The Vision Pro will go on sale next month, and we’ve just learned that Apple has requested that app developers for visionOS (the operating system that runs on the headset) don’t allude to visionOS apps as “AR” or “VR”.
We first heard about Apple’s newest innovation in June 2023 - where it was marketed as a spatial computer that combines digital content and the user’s physical surroundings. It’s also equipped with some serious Apple graphics specs and visionOS, which Apple calls the “world’s first spatial computing system”.
At first glance, the Vision Pro certainly appears to be similar to existing Virtual Reality (VR) and Augmented Reality (AR) headsets, so it’s interesting that Apple is at pains to ensure that it isn’t mistaken for one. The de facto ban on AR and VR references (as well as Extended Reality (XR) and Mixed Reality (MR)) was spotted in the guidelines of the new Xcode (Apple’s suite of developer tools) update that came after the announcement that Vision Pro devices will be in stores in early February.
Apple lays down the law
This recommendation is pretty explicitly laid out on a new Apple Developer page which goes through what a developer needs to do to prepare their app for submission to the App Store.
Apple insists that developers will also have to use the “visionOS” branding beginning with a lowercase “v” (similar to how they brand their flagship operating system for desktop and laptop devices, macOS), and to use the device’s full name, “Apple Vision Pro,” when referring to it. These aren’t as unexpected as Apple’s more notable instructions to avoid VR and AR, however. According to Apple, visionOS apps will not be considered VR, XR, or MR apps but as “spatial computing apps”.
It’s an interesting move for a number of reasons; coining a new term can be confusing to people, meaning that users will have to build familiarity and actually use the term for it to stick, but it also means that Apple can differentiate itself from the pack of AR/VR devices out there.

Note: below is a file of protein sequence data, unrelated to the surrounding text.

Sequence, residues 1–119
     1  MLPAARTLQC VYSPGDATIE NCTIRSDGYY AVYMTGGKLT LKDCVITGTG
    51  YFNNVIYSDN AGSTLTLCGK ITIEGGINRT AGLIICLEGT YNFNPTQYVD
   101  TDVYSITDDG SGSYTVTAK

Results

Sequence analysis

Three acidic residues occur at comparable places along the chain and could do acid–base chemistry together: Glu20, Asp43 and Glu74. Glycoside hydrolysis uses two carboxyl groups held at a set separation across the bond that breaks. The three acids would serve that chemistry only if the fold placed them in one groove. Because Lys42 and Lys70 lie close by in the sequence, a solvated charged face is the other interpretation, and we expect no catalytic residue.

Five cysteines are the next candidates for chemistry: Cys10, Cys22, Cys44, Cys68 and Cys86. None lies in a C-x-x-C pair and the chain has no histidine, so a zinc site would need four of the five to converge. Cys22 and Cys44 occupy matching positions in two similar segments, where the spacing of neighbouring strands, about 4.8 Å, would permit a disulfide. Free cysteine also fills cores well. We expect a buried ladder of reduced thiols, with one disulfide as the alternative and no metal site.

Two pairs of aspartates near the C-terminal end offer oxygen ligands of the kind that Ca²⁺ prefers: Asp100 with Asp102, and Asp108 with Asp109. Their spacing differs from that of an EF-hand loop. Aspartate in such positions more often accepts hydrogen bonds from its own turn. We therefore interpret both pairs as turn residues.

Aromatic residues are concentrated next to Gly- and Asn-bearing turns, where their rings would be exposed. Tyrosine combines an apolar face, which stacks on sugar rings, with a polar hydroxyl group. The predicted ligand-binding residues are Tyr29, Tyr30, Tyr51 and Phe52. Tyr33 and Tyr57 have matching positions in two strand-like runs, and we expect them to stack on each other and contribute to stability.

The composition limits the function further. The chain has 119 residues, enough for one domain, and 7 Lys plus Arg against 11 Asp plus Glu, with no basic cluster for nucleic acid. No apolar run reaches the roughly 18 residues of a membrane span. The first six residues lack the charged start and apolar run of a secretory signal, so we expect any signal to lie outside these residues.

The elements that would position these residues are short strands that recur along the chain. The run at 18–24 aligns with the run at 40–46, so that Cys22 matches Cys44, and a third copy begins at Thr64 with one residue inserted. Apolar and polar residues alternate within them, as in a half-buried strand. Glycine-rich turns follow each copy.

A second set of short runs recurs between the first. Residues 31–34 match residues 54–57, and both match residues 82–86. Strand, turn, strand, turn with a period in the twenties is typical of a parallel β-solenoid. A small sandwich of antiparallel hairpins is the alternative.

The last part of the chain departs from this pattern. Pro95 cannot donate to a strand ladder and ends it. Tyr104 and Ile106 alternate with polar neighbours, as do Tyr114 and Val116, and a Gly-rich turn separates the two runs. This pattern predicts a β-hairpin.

It’s also a pivot from messaging that until now has relied on existing terms like augmented reality and virtual reality. Most of Apple’s current marketing refers to the Vision Pro as a “spatial computing” platform, but at the Worldwide Developers Conference (WWDC) in 2023, Apple’s annual event for Apple platform developers, Apple CEO Tim Cook introduced the Vision Pro as an “entirely new AR platform.” Materially, this is mainly a marketing and branding move as Apple becomes more confident in its customers’ understanding of what the Vision Pro actually is. 9to5Mac reports that Apple engineers referred to visionOS as xrOS leading up to the device’s official announcement.
Apple charts its own course
The pointed effort to distinguish itself from its competitors is an understandable move from Apple considering that some other tech giants have already attempted to dominate this space.
Meta, Facebook and Instagram’s parent company, was one of the most noticeable examples. You might have a not-so-distant memory of a certain “metaverse". The metaverse has seen a reception most would call lukewarm, even at its peak, and Apple is making a bold attempt to have its own association in people’s minds, with Apple’s VP of global marketing Greg Joswiak dismissing the word “metaverse” as one he’ll “never use" according to 9to5Mac.
I enjoy watching Apple make bolder moves into existing markets because it’s often when we’ve seen new industry standards emerge, which is always exciting - no matter whether you want to call it AR, VR, or spatial computing.
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Kristina is a UK-based Computing Writer, and is interested in all things computing, software, tech, mathematics and science. Previously, she has written articles about popular culture, economics, and miscellaneous other topics.
She has a personal interest in the history of mathematics, science, and technology; in particular, she closely follows AI and philosophically-motivated discussions.